How to Get Rid of the Gnats

It's often possible to control gnats by getting rid of their preferred food and reproduction sites. Once you identify the type of gnats in your home, you can determine what's attracting them and take measures to get rid of the pests. A gnat problem can become a major nuisance. In the case of a severe infestation, you may require the services of a pest control professional.

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Know Your Enemy

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Gnats include three common pests, each with its own habits and attractions. Little black flies on and near houseplants are fungus gnats. A good way to prevent and discourage them is to avoid overwatering indoor plants and maintain them well. Small light brown flies hovering near vegetables or a fruit bowl and congregating in the kitchen are fruit flies. Little brown or black flies that walk in zigzag or erratic patterns are phorid flies. If you see phorid flies, check for a sewer line leak or septic tank problem, as that's what attracts them.

Keep Them Out

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No matter what kind of gnats you have, one of your first lines of defense is excluding them from the house. Caulk any cracks in window and door frames, add or repair window and door screens, and use only pasteurized or sterilized soil for houseplants. Outside, use tight-fitting lids on garbage cans and locate them away from doors and windows. Discourage fruit flies by picking ripe fruit and vegetables promptly, and bury, compost or discard overripe garden produce regularly. Locate compost away from the house and keep it sealed.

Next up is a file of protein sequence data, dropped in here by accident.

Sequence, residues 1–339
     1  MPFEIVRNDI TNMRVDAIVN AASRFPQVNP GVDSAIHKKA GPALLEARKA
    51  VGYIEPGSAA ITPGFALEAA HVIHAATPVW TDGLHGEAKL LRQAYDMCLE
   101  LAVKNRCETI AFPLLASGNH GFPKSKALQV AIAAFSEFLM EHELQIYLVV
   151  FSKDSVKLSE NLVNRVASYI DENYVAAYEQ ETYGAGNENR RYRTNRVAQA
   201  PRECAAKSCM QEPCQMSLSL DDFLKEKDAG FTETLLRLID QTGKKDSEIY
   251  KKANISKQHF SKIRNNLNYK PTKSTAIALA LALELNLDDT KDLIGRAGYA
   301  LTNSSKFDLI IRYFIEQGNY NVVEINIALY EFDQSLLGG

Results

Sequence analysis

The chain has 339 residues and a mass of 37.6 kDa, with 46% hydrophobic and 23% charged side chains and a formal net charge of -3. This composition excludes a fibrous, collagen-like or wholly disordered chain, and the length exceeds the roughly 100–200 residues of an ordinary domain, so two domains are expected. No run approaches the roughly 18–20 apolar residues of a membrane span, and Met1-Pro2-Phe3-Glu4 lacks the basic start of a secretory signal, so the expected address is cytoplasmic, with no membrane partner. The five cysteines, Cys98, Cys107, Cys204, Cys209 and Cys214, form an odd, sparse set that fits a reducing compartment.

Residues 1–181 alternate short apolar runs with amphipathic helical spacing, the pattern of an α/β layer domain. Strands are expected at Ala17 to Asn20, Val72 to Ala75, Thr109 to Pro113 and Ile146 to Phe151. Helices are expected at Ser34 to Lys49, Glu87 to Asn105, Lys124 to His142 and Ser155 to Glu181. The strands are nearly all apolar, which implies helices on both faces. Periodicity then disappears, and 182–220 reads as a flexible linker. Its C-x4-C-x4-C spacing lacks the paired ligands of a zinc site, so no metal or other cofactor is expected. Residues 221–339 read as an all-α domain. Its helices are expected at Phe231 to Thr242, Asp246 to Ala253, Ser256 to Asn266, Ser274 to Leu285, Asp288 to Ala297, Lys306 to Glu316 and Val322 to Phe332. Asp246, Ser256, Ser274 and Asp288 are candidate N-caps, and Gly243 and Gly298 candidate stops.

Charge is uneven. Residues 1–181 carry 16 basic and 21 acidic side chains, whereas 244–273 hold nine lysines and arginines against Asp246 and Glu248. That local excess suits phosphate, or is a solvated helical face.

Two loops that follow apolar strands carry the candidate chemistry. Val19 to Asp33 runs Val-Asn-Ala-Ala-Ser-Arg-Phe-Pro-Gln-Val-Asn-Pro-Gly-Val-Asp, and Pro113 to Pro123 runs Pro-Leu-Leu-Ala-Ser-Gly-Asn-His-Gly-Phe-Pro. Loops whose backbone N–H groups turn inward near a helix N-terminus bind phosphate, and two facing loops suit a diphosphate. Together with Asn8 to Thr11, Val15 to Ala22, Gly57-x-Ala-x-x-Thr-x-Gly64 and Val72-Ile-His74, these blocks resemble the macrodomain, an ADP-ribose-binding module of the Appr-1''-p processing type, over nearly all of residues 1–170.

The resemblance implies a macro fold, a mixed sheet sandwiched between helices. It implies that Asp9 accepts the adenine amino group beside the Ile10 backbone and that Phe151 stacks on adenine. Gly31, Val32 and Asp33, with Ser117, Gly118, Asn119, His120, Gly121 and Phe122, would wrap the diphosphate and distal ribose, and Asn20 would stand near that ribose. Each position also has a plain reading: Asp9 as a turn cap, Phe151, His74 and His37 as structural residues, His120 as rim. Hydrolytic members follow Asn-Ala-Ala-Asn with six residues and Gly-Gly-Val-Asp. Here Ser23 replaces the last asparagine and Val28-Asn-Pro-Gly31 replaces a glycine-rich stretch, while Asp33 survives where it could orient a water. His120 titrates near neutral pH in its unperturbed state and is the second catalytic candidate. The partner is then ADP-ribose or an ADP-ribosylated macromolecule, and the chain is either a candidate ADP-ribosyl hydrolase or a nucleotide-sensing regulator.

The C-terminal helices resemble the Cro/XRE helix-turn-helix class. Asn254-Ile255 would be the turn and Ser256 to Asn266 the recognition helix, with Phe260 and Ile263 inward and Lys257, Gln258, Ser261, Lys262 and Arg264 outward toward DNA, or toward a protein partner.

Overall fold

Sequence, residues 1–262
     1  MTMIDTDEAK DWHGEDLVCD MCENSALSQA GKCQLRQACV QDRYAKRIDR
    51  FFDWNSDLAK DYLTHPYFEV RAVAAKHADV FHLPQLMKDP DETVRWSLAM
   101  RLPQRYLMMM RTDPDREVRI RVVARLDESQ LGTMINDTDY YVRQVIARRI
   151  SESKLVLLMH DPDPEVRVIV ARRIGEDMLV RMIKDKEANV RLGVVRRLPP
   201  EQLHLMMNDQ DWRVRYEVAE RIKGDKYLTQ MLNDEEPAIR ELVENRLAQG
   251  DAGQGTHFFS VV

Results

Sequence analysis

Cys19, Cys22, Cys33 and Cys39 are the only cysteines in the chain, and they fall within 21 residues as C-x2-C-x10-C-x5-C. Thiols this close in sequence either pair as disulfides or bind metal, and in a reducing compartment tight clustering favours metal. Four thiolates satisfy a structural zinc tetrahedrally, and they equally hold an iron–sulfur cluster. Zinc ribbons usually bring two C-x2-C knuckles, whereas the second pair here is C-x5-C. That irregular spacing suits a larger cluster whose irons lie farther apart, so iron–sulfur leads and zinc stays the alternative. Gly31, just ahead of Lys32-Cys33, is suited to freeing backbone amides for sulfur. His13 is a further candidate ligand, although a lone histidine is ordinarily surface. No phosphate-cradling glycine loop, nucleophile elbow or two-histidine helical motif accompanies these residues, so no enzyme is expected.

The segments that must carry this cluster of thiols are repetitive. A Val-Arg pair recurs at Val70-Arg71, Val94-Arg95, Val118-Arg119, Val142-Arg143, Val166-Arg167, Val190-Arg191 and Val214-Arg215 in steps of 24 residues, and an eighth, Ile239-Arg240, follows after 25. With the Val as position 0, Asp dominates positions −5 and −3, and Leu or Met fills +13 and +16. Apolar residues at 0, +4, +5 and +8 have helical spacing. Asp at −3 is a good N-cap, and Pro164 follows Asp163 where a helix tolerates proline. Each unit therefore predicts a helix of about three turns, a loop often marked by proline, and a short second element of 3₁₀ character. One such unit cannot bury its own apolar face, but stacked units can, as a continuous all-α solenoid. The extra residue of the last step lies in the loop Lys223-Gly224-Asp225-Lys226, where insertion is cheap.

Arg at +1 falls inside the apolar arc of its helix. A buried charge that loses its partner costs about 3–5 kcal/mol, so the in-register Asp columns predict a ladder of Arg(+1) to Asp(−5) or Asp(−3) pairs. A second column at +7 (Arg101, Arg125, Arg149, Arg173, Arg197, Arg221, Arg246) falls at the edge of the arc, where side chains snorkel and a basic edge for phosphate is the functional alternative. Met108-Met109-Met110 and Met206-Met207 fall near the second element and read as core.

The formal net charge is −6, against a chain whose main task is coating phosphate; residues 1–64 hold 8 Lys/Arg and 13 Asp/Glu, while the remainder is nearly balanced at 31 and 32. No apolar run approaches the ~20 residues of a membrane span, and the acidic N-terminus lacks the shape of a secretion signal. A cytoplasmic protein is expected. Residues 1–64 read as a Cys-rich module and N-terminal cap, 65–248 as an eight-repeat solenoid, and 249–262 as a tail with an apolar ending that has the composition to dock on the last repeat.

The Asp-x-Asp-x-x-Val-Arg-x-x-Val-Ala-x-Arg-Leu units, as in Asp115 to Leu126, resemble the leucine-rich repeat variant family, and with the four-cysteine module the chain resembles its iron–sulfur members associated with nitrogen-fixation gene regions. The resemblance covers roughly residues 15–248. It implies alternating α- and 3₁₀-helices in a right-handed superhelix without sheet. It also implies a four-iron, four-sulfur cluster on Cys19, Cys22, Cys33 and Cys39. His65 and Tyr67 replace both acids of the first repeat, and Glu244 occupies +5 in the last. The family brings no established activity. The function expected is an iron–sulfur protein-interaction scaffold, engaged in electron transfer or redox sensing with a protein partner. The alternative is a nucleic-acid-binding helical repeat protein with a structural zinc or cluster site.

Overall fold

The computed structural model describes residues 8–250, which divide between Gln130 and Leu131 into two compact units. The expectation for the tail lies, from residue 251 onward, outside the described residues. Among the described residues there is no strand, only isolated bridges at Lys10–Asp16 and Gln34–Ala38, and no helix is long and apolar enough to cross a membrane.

Cut Their Food Supply

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Put away the produce that attracts fruit flies. If you like your fruit room temperature, keep it in a pantry or cabinet instead of on a counter. Keep produce scraps in a fully closed container, such as a bin under the sink with a tight-fitting lid. Waste baskets with swing tops offer easy access for fruit flies, and peelings or overripe fruit in the trash attract them. Keep houseplants tidy by removing fallen leaves and flower petals so immature fungus gnats have nothing to feed on.

Get Rid of Their Larvae

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Fungus gnats spend most of their lifespan in the larval and pupal stages. They grow to maturity in plant soil and the organic debris on the soil's surface. Getting rid of the immature gnats before they start flying is the most effective form of control. Remove the top 2 inches of soil from all the houseplants and get rid of it. Replace it with sand, which doesn't have any organic matter for the young to feed on, Fine Gardening advises. Stop watering the plants until the soil is entirely dry. This will kill any remaining fungus gnat larvae. Get rid of fruit fly larvae by disposing of all ripe fruits and vegetables that have been out in the open.

Bring on the Artillary

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Insecticides aren't advised for fungus gnat control indoors or near the home, according to the University of California, Davis, Integrated Pest Management Program. Biological controls such as Bacillus thuringiensis subspecies israelensis can be effective. BTi kills fly larvae in container soil, including mosquito and black fly as well as gnats. Garden centers sell it. Choose a product labeled for flies; the ones for caterpillars don't work on gnats. Sticky strips available from garden centers will trap flying adults of all kinds of gnats.